When she noticed the change in my behaviour, she said: “My son, in those days when you professed our religion, you did not behave in this way. What is the reason for so much affection since you have embraced Islam?”

I said: “A descendant of the Prophet has commanded me to act in this way.”

She said: “Is he your prophet?”

I said: “No! There will come no prophet after ours. He is a son of the prophet.”

She said: “These commands are those of all the prophets, but your religion is better than mine. Guide me to become a Muslim.”

I taught her the way of Islam, and she became a Muslim, and performed the noon, afternoon, evening and nigh t prayers, but she’ felt sick in the middle of die night. I stayed by her bed and nursed her.

She said: “My boy! Repeat for me the Islamic words of faith” I did so, and she confessed to all of them, and passed away the same night.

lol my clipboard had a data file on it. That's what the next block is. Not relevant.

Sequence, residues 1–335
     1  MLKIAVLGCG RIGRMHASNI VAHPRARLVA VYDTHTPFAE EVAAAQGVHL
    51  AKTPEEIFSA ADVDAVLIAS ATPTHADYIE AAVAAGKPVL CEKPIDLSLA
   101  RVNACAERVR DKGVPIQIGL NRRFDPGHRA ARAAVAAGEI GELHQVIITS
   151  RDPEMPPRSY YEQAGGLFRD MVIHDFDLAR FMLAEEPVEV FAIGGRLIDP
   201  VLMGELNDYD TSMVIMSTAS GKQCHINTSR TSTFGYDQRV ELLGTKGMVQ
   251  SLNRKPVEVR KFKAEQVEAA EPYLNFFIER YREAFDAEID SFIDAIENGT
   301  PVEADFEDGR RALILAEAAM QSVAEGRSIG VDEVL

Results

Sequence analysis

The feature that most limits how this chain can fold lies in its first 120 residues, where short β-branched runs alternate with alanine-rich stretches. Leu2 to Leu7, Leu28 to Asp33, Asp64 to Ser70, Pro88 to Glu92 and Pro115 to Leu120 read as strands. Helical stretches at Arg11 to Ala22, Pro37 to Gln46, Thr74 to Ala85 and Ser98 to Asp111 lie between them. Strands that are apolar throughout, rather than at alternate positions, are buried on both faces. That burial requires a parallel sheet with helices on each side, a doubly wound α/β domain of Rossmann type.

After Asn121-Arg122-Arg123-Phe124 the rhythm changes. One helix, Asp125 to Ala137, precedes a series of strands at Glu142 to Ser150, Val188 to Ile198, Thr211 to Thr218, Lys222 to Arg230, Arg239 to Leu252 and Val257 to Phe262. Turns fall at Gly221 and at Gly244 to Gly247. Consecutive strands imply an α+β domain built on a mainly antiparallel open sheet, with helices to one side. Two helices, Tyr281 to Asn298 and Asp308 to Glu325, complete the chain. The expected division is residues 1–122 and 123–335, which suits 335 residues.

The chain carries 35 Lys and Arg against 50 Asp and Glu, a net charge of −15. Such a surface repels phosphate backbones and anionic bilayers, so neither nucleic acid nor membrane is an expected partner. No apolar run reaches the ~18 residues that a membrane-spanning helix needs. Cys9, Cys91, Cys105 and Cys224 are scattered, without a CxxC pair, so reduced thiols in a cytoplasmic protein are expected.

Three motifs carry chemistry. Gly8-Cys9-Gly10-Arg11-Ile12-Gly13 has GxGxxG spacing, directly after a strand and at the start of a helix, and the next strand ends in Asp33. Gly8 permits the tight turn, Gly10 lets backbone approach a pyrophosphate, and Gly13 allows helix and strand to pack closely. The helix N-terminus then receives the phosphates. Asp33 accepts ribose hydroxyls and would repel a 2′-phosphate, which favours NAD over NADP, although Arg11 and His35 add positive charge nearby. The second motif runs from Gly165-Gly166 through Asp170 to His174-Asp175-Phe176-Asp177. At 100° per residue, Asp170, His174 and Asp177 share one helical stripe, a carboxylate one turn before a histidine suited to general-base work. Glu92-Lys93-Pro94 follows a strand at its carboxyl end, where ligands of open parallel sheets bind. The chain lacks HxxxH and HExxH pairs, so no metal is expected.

Next morning, her funeral ceremony was performed by a group of Muslims according to Islamic rites, and I recited a prayer to her corpse and buried her with my own hands.[22]

Mother’s Day

A point to mention here is that for some years, December 16 has been chosen as “Mother’s Day”, when certain ceremonies are held every year. Newspapers publish articles about it on that occasion, poems are composed, and gifts are given to mothers by their children.

This is, of course, a fine thing, but it is not enough to hold such ceremonies and offer gifts in appreciation of a mother’s efforts. Attempt should, however, be made to enlighten mothers about their grave responsibility and make them realize chat the management of a family and upbringing of children are among the greatest and the most worthy occupations, compared with which no other job is so significant.